Dementia Care: Should We Choose a Nursing Home or Memory Care Community?

A caregiver shows something to a smiling senior female

Nursing Home or Memory Care?

What’s the best choice for your family member with dementia? Evaluating your loved one’s long-term care needs isn’t easy. Eventually, the options will boil down to whether you choose more general long-term care such as that found in a nursing home, or whether a dedicated memory care community will better serve their specific needs. We’ve provided an explanation of the differences and closing tips on how to make the choice.

Nursing Home

Nursing homes for dementia patients also provide a broad range of long-term care for other seniors. These are older adults with medical or health conditions who can no longer live independently. For these seniors, living in a nursing home feels like a long stay in a hospital. They are usually not ambulatory and need help with activities of daily living (ADLs) such as showering, dressing or using the toilet. A nursing home for dementia patients has a lower level of privacy, because rooms are set up to allow staff to provide continuous care. Along with long-term nursing care, a nursing home for dementia patients may provide assisted living and short-term rehabilitation services. Certain staff members may have special training to help people with dementia, but not all. Since they deal with a wide range of care, a nursing home for dementia patients may not be set up to cope with certain behaviors that are triggered by memory loss, and if these behaviors become extreme, they may ask the resident to leave.  

 

Memory Care

Sometimes a stand-alone facility and sometimes part of a senior living community, a memory care community is dedicated to the care of those at all stages of cognitive decline. This includes Alzheimer’s disease, Parkinson’s, and other forms of dementia. Unlike a nursing home for dementia patients, the setting is more homelike, with residents usually living in their own apartments.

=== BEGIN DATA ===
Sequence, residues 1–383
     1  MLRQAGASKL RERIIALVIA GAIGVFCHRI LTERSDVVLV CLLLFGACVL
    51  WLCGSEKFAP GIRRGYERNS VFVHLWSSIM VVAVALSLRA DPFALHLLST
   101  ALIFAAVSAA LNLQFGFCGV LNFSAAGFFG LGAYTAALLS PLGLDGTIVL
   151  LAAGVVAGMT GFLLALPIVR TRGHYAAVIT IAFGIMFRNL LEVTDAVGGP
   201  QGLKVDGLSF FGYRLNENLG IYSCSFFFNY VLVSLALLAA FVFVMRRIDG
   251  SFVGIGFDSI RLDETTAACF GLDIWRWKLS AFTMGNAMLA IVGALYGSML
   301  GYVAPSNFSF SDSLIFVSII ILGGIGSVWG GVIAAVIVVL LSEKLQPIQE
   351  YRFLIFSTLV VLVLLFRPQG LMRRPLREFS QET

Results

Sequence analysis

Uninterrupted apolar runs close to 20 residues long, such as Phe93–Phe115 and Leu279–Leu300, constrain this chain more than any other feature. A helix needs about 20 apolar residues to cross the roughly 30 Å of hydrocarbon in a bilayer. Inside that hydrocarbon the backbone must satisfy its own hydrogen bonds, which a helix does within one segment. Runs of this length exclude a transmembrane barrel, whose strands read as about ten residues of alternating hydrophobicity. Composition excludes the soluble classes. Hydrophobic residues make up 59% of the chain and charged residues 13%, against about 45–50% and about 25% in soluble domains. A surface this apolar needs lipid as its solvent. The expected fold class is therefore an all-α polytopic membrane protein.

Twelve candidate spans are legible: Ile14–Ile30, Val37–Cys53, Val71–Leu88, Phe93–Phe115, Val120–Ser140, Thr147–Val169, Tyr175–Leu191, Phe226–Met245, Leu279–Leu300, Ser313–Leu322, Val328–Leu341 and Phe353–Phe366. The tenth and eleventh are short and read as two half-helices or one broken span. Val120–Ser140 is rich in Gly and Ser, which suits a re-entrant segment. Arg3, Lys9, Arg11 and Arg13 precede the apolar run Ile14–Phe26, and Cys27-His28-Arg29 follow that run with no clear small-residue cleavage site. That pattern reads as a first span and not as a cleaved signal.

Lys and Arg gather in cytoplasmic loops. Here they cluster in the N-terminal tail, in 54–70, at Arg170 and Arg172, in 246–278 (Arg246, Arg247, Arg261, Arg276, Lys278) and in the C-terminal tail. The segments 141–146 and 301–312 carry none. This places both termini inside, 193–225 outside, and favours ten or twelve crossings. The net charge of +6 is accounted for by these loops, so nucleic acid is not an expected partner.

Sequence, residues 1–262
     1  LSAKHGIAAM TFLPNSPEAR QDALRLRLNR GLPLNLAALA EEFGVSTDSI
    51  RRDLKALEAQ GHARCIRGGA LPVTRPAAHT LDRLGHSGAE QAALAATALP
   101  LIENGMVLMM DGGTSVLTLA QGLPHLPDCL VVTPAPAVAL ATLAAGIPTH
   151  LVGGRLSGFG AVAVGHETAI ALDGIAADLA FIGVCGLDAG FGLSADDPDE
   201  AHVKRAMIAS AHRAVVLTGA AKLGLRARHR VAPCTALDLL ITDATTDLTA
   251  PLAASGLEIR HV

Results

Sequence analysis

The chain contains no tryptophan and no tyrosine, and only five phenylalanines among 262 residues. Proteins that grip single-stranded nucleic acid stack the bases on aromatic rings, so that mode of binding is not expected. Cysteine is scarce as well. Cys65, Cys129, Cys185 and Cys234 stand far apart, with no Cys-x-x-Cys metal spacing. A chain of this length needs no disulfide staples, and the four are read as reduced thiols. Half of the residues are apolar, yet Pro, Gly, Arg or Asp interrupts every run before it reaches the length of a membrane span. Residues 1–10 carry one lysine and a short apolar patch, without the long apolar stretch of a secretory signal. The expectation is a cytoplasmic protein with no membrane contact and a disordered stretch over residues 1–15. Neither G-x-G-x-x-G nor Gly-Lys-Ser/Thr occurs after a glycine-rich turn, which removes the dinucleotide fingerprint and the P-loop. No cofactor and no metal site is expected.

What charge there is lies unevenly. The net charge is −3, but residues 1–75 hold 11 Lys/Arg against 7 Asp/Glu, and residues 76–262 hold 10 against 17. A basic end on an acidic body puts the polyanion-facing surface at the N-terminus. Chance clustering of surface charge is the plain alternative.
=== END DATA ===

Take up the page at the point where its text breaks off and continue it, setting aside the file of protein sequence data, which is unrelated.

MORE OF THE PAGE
There are other striking differences between a nursing home for dementia patients and a memory care community. The physical layout of a memory care community incorporates visual cues, circular hallways with no dead ends, secure outdoor areas, and other features that support people with dementia. Treatments and therapies slow the advancement of disease, and activities such as music, arts and crafts, and events encourage residents to socialize and engage with others.   

Dementia poses unique and specific challenges. Memory care staff are trained to identify the different stages of the disease and know what to do next. They understand how to manage a resident’s anxiety, hallucinations or sundowner syndrome, connect with someone who is having trouble communicating, and de-escalate aggressive or confused behavior.

COMPARING NURSING HOMES AND MEMORY CARE COMMUNITIES 

 

Nursing Homes

 Memory Care Communities

 

Care

A range of care for seniors who need full time nursing, may not be mobile, and can no longer live at home. May include medical support (IVs, catheters, etc.) and/or assistance with dressing, grooming and bathing.

Specific care for seniors at every stage of dementia. Therapies and treatments to assist with various forms of cognitive decline. Residents receive help with activities of daily living as part of their care.

 

Number of Residents

 From upward of 50 to several hundred patients.